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What Do Your Wrinkles Mean?

Some try to cover wrinkles with makeup or get cosmetic procedures done. Others wear them proudly as a badge of honour and a sign of a life well lived. Some wrinkles come from laughing often, but others may come from dangerous sun exposure or be indicative of certain possible health problems.

Here are five things that you should be watching for as you look at your wrinkles in the mirror.

1. Wrinkles may indicate a higher risk of osteoporosis.

A study conducted at Yale University in 2011 found that women who are in their late 40s and early 50s, beginning menopause, may have a correlation between deep wrinkles and a higher risk of developing osteoporosis. The more than 100 women evaluated showed lower bone density when they had deeper wrinkles. One of the lead researchers, Lubna Pal, M.D., the director of the Program for Polycystic Ovarian Syndrome & Menopause at the Yale University School of Medicine, stated, “Both bone and skin share common building blocks, a group of proteins known as collagens, which decrease as we age.”

2. Wrinkles may indicate early stages of heart disease.

Those who develop a diagonal wrinkle in their ear lobe may be showing an early sign of heart disease. This crease, called Frank’s sign, named after researcher Sanders T. Frank, who discovered the correlation in 1973, may be related to the changes in blood vessels in the ear lobe, as they begin to collapse because of changes in the heart.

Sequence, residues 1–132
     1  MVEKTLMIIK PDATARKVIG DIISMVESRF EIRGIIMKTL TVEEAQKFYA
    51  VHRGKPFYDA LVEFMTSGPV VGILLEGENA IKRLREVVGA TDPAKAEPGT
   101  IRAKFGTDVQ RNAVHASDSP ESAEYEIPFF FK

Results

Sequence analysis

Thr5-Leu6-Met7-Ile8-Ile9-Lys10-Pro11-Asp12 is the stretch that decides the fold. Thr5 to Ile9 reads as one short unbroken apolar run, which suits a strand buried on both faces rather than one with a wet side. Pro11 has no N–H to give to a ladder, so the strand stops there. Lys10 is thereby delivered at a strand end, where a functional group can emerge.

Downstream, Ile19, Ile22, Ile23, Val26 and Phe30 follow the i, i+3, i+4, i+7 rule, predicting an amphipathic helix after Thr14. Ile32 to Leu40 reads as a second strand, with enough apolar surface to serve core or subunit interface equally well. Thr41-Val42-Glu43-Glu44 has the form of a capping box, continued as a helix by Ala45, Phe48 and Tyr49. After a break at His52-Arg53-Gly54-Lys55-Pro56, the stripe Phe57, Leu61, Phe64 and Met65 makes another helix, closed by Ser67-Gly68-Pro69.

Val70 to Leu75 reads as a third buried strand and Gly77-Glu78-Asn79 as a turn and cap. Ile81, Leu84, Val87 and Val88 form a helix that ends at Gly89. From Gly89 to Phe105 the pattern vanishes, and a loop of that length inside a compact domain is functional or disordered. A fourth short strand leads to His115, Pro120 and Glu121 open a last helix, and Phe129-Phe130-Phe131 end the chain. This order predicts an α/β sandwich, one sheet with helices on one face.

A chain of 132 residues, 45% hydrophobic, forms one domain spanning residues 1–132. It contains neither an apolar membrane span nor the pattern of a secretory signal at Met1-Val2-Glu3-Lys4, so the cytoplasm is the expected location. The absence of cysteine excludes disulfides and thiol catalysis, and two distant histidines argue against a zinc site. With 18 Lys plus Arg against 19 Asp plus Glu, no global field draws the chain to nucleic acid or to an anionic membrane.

3. Wrinkles may indicate high blood pressure.

Those women who tend to look younger than their stated age, because of having fewer wrinkles than their same-age peers, probably have lower blood pressure than those with heavy wrinkling. A study conducted in 2013 at Leiden University Medical Centre found that both men and women from families with demonstrated longevity had less wrinkling on their upper arms than those who had high blood pressure.

4. Wrinkles may be a sign of heavy stress.

It’s true, worrying too much can cause wrinkles. New York City dermatologist Janet Prystowsky stated, “I can often tell how anxious a new patient is by the lines on her face.” Those who are heavily stressed often spend a great deal of time with their brow furrowed, which can lead to permanent wrinkling of the forehead. There are other spots on the face that may be affected as well. Constant stress releases high levels of cortisol into the body, which can degrade the collagen that keeps the skin firm.

5. Wrinkles may indicate that you are eating too much sugar.

Eating a lot of sugar can cause your body to form certain proteins, specifically AGEs, which are actually advanced glycation end products. These proteins also break down collagen and elastin, and can lead to the development of more fine lines and wrinkles. Cut down on the sugar if you want to reduce the development of wrinkles. Eating lots of fruit may help to reverse the damage done by sugars, so stick to the natural stuff if you want to tackle your sweet tooth.

Wrinkles may be more than just a standard part of the aging process, so pay attention to how your wrinkles develop, and where they show up, if you want to keep close tabs on your health.